Majority Opinion Author

William Douglas

384 U.S. 195 (1966)


No. 619.
Supreme Court of United States. 

Argued April 28, 1966.
Decided May 16, 1966.
CERTIORARI TO THE COURT OF APPEALS OF KENTUCKY.Ephraim London argued the cause for petitioner. With him on the brief were Dan Jack Combs and Melvin L. Wulf.*196 John B. Browning, Assistant Attorney General of Kentucky, argued the cause for respondent. With him on the brief was Robert Matthews, Attorney General.MR. JUSTICE DOUGLAS delivered the opinion of the Court.

Petitioner was sentenced to six months in prison and fined $3,000 for printing a pamphlet found to be prohibited by the common law of criminal libel in Kentucky. The Kentucky Court of Appeals, with three judges dissenting, affirmed petitioner's conviction. 405 S. W. 2d 562. We granted certiorari (382 U. S. 971) and reverse.

Petitioner went to Hazard, Kentucky, in 1963, where a bitter labor dispute raged, to appeal for food, clothing and aid for unemployed miners. The challenged pamphlet, which had a limited circulation, stated concerning Sam L. Luttrell, Chief of Police of Hazard:

"Six weeks ago I witnessed a plot to kill the one pro-strike city policeman on the Hazard Force. Three of the other cops were after him while he was on night-duty. It took 5 pickets guarding him all night long to keep him from getting killed, but they could not prevent him from being fired, which he was three weeks ago. Another note on the City Police: The Chief of the force, Bud Luttrell, has a job on the side of guarding an operator's home for $100 a week. Its against the law for a peace officer to take private jobs."

It said concerning Charles E. Combs, the Sheriff:

"The High Sheriff has hired 72 deputies at one time, more than ever before in history; most of them hired because they wanted to carry guns. He, Sheriff Combs, is also a mine operator—in a recent Court decision he was fined $5,000 for intentionally blinding a boy with tear-gas and beating him while he was locked in a jail cell with his hands cuffed. The *197 boy lost the sight of one eye completely and is nearly blind in the other. Before the trial Sheriff Combs offered the boy $75,000 to keep it out of court, but he refused. Then for a few thousand dollars Combs probably bought off the jury. The case is being appealed by the boy to a higher court—he wants $200,000. Combs is now indicted for the murder of a man—voluntary manslaughter. Yet he is still the law in this county and has the support of the rich man because he will fight the pickets and the strike. The same is true of the State Police. They escort the scabs into the mines and hold the pickets at gunpoint."

And it said respecting Mrs. W. P. Nolan, co-owner of the Hazard Herald:

"The town newspaper, the Hazard Herald, has hollered that `the commies have come to the mountains of Kentucky' and are leading the strike. The Herald was the recipient of over $14,000 cash and several truckloads of food and clothing which were sent as the result of a CBS-TV show just before Christmas. The story was on the strike and aid was supposed to be sent to the pickets in care of the Hazard Herald, however the editor, Mrs. W. P. Nolan, is vehemently against labor—she has said that she would rather give the incoming aid to the merchants in town than to the miners. Apparently that is what she has done, for only $1100 of the money has come to the pickets, and none of the food and clothes. They are now either still under lock and key, or have been given out to the scabs and others still."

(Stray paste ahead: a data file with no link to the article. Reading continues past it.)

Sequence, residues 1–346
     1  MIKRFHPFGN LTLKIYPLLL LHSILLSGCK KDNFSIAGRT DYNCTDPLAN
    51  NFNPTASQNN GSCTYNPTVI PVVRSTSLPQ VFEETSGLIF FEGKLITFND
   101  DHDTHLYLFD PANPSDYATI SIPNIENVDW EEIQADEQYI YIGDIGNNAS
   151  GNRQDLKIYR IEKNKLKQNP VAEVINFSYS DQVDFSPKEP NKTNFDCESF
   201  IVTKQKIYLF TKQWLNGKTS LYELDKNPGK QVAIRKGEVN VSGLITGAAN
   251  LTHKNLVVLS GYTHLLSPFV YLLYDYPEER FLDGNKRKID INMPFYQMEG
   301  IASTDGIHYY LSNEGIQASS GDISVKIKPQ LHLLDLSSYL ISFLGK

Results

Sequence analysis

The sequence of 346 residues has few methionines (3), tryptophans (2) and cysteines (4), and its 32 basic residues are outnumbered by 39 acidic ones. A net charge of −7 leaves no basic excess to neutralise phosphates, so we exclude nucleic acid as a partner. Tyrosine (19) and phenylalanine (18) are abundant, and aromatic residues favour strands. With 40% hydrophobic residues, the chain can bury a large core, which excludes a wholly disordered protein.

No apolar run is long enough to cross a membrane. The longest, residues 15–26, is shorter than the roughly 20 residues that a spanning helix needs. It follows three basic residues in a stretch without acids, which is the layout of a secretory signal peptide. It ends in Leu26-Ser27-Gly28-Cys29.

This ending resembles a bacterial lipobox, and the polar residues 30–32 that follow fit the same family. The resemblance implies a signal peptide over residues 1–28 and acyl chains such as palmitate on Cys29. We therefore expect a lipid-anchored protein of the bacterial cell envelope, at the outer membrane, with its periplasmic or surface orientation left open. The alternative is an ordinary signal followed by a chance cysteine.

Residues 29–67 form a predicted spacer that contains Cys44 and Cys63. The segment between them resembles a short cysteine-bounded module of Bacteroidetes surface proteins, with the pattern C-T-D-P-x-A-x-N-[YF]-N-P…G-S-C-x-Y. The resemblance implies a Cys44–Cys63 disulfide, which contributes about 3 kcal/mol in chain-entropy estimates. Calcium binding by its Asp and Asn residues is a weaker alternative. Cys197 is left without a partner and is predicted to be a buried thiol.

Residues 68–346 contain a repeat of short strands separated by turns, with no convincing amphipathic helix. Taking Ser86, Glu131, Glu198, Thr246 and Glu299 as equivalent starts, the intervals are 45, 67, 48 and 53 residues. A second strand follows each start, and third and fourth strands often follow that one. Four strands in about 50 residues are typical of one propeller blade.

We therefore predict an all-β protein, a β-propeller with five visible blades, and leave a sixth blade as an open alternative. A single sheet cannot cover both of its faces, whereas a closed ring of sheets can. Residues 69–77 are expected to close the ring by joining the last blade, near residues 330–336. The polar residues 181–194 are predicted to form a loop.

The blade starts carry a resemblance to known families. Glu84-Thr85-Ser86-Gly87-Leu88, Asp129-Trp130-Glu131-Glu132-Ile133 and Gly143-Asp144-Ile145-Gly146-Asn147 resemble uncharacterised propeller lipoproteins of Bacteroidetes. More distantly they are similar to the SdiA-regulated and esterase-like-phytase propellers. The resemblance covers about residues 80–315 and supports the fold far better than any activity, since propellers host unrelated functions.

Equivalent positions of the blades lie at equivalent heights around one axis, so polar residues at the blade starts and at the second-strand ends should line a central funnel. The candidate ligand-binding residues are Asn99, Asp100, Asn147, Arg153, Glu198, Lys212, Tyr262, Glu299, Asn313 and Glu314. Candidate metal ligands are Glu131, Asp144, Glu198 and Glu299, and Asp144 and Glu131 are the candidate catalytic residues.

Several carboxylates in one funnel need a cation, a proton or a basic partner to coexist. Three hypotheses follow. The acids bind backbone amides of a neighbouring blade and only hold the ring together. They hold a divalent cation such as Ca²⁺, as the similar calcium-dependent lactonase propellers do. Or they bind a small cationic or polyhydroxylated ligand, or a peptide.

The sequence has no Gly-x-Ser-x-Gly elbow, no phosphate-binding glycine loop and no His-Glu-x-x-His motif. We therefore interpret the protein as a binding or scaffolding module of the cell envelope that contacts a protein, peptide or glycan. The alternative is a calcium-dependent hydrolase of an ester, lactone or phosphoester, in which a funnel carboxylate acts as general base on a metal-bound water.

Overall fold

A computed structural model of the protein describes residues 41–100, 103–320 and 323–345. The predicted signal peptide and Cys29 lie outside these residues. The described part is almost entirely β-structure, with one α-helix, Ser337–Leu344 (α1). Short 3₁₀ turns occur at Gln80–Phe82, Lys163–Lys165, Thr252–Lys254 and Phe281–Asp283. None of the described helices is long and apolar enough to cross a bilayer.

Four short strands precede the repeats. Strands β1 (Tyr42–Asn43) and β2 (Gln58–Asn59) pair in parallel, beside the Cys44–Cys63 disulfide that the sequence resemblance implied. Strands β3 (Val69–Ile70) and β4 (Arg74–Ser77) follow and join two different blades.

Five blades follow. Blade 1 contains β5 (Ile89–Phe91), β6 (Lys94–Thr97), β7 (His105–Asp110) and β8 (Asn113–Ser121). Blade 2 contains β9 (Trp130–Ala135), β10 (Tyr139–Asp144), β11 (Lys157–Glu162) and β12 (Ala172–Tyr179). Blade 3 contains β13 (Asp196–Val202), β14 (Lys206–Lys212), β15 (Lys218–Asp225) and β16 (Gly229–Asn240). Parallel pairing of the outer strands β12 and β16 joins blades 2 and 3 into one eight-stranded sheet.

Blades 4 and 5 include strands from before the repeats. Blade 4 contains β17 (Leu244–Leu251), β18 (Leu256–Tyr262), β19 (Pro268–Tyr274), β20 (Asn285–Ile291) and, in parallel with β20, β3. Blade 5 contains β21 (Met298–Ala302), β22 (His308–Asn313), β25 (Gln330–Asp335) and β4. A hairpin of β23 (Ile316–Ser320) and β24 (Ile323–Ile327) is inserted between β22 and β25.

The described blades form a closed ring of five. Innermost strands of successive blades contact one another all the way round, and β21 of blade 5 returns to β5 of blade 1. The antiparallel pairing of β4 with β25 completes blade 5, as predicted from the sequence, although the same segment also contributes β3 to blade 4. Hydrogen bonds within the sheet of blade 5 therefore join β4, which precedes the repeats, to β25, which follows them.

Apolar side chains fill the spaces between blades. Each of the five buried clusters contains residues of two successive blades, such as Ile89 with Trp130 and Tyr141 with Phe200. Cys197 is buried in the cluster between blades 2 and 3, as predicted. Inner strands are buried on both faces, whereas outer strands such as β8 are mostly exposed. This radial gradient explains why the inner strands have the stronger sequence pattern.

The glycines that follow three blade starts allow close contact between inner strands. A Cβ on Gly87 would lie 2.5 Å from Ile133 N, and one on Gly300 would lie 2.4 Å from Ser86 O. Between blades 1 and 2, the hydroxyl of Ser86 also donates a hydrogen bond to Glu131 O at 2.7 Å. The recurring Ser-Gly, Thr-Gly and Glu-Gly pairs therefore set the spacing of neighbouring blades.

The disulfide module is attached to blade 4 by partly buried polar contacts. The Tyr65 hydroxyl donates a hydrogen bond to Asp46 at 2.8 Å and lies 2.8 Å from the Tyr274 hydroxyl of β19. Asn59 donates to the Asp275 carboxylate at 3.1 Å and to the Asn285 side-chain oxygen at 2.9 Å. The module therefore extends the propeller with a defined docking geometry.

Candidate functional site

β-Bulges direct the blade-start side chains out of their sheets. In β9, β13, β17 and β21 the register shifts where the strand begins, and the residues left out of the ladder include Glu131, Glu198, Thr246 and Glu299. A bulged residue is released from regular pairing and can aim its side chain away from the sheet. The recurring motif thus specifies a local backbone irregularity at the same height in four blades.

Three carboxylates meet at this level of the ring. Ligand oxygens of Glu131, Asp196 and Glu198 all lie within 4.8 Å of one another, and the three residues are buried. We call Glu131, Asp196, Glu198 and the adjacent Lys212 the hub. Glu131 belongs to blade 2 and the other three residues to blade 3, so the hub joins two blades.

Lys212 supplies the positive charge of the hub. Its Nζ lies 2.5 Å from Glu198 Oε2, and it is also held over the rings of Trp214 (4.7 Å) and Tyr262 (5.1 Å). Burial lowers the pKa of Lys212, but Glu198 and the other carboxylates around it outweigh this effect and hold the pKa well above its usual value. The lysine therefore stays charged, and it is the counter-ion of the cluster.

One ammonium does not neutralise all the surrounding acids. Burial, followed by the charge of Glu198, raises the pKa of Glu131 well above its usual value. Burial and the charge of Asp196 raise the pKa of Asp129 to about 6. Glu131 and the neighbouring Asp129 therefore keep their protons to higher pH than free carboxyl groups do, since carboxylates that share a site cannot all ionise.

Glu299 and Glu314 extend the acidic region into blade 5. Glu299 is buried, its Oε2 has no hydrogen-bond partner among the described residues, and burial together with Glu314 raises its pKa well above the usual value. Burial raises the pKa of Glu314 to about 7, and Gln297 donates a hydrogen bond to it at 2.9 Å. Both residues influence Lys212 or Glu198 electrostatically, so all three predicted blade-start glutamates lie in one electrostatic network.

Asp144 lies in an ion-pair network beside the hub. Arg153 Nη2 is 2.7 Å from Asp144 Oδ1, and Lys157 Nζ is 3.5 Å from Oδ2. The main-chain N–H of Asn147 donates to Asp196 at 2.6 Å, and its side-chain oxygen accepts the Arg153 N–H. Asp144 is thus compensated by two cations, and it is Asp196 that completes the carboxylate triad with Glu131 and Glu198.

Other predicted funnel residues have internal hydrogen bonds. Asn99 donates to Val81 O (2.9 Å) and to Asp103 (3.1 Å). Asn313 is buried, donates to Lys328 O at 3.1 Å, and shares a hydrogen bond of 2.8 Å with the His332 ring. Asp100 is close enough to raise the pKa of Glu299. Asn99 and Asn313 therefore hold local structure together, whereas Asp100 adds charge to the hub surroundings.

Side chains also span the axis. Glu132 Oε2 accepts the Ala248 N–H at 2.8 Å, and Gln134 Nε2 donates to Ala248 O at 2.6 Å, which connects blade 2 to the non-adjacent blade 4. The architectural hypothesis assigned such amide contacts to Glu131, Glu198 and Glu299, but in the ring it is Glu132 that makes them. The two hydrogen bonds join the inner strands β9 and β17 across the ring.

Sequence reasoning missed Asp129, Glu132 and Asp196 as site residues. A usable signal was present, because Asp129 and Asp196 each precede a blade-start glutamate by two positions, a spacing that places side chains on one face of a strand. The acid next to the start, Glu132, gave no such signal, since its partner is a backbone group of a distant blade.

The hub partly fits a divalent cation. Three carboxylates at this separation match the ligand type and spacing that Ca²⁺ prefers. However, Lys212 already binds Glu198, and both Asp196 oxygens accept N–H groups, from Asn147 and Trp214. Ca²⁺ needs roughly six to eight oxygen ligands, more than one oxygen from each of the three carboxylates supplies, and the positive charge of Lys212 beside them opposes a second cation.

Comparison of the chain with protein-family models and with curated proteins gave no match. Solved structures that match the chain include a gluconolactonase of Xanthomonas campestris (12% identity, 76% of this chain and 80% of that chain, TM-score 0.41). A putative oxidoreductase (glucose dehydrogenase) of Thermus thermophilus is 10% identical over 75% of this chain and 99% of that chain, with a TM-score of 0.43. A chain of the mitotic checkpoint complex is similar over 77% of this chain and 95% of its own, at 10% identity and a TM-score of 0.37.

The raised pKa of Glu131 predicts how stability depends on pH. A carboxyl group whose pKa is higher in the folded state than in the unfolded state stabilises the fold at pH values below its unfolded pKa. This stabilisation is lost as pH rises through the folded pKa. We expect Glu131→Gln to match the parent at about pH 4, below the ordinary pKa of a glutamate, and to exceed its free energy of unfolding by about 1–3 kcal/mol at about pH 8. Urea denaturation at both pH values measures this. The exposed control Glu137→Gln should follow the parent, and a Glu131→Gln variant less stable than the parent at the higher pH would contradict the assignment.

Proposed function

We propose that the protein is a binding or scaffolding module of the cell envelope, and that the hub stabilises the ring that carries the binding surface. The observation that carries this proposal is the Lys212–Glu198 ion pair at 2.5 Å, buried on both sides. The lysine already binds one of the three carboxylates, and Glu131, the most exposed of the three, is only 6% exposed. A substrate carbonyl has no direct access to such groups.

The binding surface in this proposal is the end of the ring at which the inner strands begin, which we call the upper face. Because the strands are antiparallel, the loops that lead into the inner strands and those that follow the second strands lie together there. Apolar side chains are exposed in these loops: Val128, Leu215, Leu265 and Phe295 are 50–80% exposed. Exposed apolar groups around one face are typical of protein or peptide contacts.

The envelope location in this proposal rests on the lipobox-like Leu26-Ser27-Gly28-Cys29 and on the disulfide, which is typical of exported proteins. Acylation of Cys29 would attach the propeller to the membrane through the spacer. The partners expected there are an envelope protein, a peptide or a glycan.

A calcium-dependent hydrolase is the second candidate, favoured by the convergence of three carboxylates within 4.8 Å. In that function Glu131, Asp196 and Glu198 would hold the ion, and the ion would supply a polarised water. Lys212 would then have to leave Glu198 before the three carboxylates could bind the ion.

The indictment charged "the offense of criminal libel" committed "by publishing a false and malicious publication which tends to degrade or injure" the three named *198 persons. The trial court charged that "criminal libel is defined as any writing calculated to create disturbances of the peace, corrupt the public morals, or lead to any act, which, when done, is indictable."

The court also charged that malice is "an essential element of this offense" and falsity as well.

The Court of Appeals in affirming the judgment of conviction adopted a different definition of the offense of criminal libel from that given the jury by the trial court. It ruled that the element of breach of the peace was no longer a constitutional basis for imposing criminal liability. It held that the common-law crime of criminal libel in Kentucky is "the publication of a defamatory statement about another which is false, with malice."

We indicated in Shuttlesworth v. Birmingham, 382 U. S. 87, that where an accused is tried and convicted under a broad construction of an Act which would make it unconstitutional, the conviction cannot be sustained on appeal by a limiting construction which eliminates the unconstitutional features of the Act, as the trial took place under the unconstitutional construction of the Act. We think that principle applies here. Petitioner was tried and convicted according to the trial court's understanding of Kentucky law, which defined the offense as "any writing calculated to create disturbances of the peace . . . ."